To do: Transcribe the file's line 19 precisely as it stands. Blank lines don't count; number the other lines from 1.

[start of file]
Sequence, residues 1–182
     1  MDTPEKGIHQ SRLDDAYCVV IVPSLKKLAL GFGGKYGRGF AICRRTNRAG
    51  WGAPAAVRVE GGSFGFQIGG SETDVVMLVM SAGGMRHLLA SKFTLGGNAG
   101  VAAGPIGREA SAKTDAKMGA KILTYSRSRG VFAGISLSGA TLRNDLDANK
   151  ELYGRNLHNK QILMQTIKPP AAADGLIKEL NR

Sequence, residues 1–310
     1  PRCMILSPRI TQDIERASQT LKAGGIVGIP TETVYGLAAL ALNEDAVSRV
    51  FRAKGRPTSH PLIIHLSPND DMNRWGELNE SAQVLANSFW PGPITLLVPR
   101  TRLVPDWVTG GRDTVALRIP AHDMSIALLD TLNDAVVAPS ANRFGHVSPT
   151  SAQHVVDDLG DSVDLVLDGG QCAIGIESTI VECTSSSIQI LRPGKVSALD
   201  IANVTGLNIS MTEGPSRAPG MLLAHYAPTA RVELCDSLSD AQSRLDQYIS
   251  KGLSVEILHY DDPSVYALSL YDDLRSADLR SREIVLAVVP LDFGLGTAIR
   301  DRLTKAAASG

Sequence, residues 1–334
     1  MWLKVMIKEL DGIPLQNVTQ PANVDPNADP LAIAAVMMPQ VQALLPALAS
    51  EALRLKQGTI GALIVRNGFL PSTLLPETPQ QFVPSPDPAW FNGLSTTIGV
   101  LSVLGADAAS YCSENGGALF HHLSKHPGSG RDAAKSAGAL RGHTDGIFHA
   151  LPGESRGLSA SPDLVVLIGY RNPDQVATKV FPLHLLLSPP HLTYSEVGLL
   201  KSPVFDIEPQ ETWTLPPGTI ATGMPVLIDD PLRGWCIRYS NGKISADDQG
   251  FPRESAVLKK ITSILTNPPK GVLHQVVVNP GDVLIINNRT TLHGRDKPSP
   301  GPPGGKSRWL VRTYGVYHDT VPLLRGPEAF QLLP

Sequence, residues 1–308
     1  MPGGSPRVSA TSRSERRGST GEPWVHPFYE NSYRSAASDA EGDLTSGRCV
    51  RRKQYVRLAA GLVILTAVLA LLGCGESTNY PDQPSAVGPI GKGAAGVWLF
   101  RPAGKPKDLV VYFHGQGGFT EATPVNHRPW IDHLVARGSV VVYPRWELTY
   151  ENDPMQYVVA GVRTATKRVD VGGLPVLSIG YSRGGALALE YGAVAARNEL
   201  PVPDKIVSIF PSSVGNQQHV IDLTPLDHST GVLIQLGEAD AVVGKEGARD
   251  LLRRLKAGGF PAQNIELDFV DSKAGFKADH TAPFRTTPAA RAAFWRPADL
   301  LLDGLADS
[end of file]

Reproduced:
   201  KSPVFDIEPQ ETWTLPPGTI ATGMPVLIDD PLRGWCIRYS NGKISADDQG